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Pastor's Corner: Be happy that the Lord is in charge

 

Last updated 8/20/2021 at 9:22am

On Sunday, Aug. 1st, I preached the second sermon in the series "Anxious for Nothing."

This series is based on the Apostle Paul's writings in Philippians 4:6-7 (NKJV): "6 Be anxious for nothing, but in everything by prayer and supplication, with thanksgiving, let your requests be made known to God; 7 and the peace of God, which surpasses all understanding, will guard your hearts and minds through Christ Jesus." We are also using a book written by Max Lucado by that same title "Anxious for Nothing," written in 2017, Thomas Nelson Publishing. We have purchased copies of this book for our Leadership Team members, and I would encourage anyone dealing with anxiety to purchase this book. Here are my notes from the sermon on that Sunday.

Who among us hasn't sought protection from the elements of life? Our storms sometimes consist of the big D's of life: difficulties, divorce, disease, and death. Does anybody know where to find a shelter that is suitable for these gales?

The apostle Paul did. When he writes the scriptures above from the Book of Philippians, he is stooped from all of his beating and a stoning. He is probably half-blind, squinting to read (possibly bad eyesight was his "thorn in the flesh."  Paul bears the weight of the newborn churches that he started. Some of the members are bickering. He writes that false preachers are preaching out of pride and envy (Philippians 1:15-17). His future is as gloomy as the jail cell that he is being kept in. How did Paul handle these storms of life? He tells us in Philippians 4:4 to "rejoice in the Lord always." Paul's lifts his thanks to God and calls on his readers to do the same. "Paul's prescription for anxiety begins with a call to rejoice."

The Apostle Paul's usage of the word "rejoice" is in the present imperative tense. What he is saying is that we are to habitually rejoice. When he uses the word "always," he removes the expiration date on his command. If we haven't gathered the importance of this command, he repeats it the command: "Again I will say rejoice!"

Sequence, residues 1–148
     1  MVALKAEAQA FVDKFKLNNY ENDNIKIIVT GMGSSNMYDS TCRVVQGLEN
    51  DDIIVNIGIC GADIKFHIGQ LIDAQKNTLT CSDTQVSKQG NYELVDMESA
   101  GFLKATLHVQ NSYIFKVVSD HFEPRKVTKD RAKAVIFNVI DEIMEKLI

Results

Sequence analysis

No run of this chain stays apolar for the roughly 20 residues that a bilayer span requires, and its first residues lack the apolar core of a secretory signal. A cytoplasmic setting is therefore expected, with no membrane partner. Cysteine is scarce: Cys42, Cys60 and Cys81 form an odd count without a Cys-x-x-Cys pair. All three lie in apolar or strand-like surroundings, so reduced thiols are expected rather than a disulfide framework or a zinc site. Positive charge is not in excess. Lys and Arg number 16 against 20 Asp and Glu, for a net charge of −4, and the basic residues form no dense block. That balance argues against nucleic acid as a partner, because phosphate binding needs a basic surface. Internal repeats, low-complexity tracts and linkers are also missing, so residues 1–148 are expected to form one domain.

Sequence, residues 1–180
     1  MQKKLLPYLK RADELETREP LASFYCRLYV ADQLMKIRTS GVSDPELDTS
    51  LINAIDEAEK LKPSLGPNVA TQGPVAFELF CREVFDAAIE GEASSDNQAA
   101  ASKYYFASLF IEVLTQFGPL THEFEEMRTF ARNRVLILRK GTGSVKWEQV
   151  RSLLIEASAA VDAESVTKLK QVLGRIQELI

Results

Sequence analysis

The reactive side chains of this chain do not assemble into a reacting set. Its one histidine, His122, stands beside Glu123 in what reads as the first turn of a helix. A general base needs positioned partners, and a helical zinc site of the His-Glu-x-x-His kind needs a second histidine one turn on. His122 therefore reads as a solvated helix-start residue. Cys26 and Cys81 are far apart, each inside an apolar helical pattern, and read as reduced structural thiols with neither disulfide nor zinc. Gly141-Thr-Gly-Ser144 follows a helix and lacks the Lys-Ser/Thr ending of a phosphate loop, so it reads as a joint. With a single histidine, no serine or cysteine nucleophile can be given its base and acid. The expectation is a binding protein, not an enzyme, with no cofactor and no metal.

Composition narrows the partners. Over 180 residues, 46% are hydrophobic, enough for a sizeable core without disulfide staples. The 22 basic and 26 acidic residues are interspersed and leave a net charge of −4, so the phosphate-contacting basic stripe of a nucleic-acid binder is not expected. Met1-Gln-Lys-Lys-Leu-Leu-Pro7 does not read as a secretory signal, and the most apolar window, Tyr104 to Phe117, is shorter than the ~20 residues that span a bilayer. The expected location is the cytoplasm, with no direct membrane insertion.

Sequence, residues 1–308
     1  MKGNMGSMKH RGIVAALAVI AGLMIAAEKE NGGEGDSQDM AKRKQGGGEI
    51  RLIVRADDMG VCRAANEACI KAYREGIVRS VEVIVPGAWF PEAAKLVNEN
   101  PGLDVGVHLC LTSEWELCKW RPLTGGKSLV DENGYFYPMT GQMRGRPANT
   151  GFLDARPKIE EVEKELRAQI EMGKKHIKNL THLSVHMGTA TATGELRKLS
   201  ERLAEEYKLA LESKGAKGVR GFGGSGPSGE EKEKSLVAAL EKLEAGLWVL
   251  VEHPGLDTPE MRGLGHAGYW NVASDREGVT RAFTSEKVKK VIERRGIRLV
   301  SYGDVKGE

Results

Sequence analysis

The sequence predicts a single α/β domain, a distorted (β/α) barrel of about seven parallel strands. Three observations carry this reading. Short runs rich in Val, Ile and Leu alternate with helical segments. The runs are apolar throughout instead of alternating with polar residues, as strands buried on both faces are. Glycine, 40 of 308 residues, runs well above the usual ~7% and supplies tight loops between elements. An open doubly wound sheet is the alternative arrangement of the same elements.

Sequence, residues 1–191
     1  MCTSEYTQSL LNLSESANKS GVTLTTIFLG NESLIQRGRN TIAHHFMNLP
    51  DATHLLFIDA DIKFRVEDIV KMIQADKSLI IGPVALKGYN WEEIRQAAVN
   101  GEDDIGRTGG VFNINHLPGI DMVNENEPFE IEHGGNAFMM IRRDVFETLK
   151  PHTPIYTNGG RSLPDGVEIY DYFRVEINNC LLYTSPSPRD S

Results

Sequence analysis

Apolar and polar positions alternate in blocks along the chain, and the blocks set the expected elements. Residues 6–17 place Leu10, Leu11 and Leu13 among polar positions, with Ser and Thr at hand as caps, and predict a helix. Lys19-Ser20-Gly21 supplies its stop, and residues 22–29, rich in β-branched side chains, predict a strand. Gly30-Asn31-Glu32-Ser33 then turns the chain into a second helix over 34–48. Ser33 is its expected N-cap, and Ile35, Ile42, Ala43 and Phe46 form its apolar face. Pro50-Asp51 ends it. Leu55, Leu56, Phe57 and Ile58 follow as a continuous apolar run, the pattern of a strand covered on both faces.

But how can a person obey this command? Rejoice always? Is it possible for any person to maintain an uninterrupted spirit of gladness? No. Not in our strength and with our own resources. Paul urges us to "Rejoice in the Lord." "This verse is a call, not to a feeling, but to a decision and a deeply rooted confidence that God exists, that He is in control, and that He is good."

The apostle Paul held firmly to this belief. Paul's faith would never collapse. His faith was stabilized with a sturdy belief system. How sturdy is your belief system? "Your belief system is your answer to the fundamental questions about life: Is anyone in control of the universe? Does life have a purpose? Do I have value? Is this life all there is?" If your belief system is strong, you will stand. If it is weak, the storm of life will prevail. "Belief always precedes behavior." That's why Paul addressed convictions before he addressed actions. "To change the way a person responds to life, change what a person believes about life. The most important thing about you is your belief system."